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Indiana State Personnel Department

SPD > Policies & Procedures > Family & Medical Leave > Serious Health Condition Serious Health Condition

Frequently Asked Questions - Serious Health Condition

The material contained herein is intended to be advisory in nature. It does not create any rights not otherwise conferred upon state employees by Indiana statute, executive order, or administrative rules. Similarly, it does not impose any obligation upon state agency, supervisor, or any other state representative not otherwise mandated by applicable law.

For additional information visit http://www.dol.gov/

What is a "Serious Health Condition"?
A serious health condition involves inpatient care at a hospital (overnight); an incapacity followed by continuing treatment by a health care provider; pregnancy; chronic conditions requiring treatment; permanent/long-term conditions requiring supervision by a health care provider; and/or multiple treatments for a non-chronic condition. Generally, an incapacity of three days or less is not a serious health condition, unless the incapacity is due to an episode or flare-up of a chronic condition. Eg. An asthma attack may not last more than three days, but asthma is a serious chronic condition, so an absence due to an asthma attack would be a qualifying FML event even if it lasted less than three days. However, an absence for a common illness with an anticipated short recovery period is not FML, even if it lasts longer than three days.

My condition will last a lifetime, why must I submit new paperwork every year?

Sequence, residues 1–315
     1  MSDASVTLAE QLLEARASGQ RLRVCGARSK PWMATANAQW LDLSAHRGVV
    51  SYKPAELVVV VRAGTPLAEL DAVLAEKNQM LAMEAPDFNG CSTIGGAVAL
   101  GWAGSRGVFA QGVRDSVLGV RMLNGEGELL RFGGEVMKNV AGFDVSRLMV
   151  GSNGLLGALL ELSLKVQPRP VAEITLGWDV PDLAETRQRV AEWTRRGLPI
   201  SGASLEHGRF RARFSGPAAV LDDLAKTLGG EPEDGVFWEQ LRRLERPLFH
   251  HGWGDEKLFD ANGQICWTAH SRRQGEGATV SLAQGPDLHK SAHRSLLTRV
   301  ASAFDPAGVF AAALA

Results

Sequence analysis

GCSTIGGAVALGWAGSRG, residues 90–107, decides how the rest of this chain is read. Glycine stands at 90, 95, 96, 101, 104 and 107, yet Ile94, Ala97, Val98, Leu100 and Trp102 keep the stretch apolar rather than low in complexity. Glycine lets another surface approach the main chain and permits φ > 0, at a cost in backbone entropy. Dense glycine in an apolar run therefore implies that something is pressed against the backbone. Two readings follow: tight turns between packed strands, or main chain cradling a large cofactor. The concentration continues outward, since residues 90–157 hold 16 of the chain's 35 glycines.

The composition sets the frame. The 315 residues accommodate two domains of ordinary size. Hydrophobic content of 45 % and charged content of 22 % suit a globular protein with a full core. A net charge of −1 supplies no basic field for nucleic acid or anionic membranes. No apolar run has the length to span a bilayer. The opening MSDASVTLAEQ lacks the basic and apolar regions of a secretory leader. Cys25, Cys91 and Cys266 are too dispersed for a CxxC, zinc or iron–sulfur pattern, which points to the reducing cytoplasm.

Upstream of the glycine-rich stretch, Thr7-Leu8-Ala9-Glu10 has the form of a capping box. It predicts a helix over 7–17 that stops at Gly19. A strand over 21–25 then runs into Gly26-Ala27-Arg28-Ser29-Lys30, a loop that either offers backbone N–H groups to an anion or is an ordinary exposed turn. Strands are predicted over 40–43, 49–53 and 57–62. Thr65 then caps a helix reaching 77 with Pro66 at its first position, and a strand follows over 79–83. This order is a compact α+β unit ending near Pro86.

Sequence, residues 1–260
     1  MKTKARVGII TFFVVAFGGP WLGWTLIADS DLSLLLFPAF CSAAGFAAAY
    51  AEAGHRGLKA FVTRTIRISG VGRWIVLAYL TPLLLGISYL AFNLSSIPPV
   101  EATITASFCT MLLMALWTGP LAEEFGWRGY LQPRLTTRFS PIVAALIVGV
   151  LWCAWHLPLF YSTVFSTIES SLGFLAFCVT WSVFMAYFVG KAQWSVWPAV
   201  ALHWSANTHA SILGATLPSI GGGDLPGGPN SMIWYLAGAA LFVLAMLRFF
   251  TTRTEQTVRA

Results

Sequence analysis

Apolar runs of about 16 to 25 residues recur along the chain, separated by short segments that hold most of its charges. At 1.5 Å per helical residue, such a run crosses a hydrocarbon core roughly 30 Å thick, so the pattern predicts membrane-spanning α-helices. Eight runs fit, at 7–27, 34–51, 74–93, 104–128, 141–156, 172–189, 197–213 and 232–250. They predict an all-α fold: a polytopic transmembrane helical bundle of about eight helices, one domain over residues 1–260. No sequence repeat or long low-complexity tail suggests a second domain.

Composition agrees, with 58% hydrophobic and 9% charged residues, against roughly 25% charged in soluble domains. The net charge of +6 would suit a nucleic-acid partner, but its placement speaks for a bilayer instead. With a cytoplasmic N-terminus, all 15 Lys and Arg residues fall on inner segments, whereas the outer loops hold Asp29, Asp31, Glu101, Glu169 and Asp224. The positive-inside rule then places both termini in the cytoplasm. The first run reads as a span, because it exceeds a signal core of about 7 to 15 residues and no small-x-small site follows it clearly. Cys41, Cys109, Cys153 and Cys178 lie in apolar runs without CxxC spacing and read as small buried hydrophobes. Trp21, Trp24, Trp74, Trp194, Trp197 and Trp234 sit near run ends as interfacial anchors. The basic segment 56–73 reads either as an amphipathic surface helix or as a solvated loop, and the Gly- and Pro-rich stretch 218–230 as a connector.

FML is available only for a designated twelve-month period; therefore, a new request and certification is required for each designated twelve-month period. We have designated the fiscal year (July 1 - June 30) as our twelve-month period.

In addition, if the circumstances or the manner in which you are taking FML changes during the fiscal year, you can be required to submit a re-certification to explain the medical necessity for the change.

May I take leave for visits to a physical therapist, if my doctor prescribes therapy?
Yes, FML permits you to take leave to receive "continuing treatments by a health care provider," which can include recurring absences for therapy treatments such as those ordered by a doctor for physical therapy after a hospital stay or for treatment of severe arthritis. Employees needing intermittent FML leave or leave on a reduced leave schedule must attempt to schedule their leave so as not to disrupt the employer's operations.

Can I be designated as being on FML leave even if I don't want my time off to be counted as FML leave?
Yes, if sufficient facts are presented to determine that your leave is due to an FML qualifying situation, such as a serious health condition.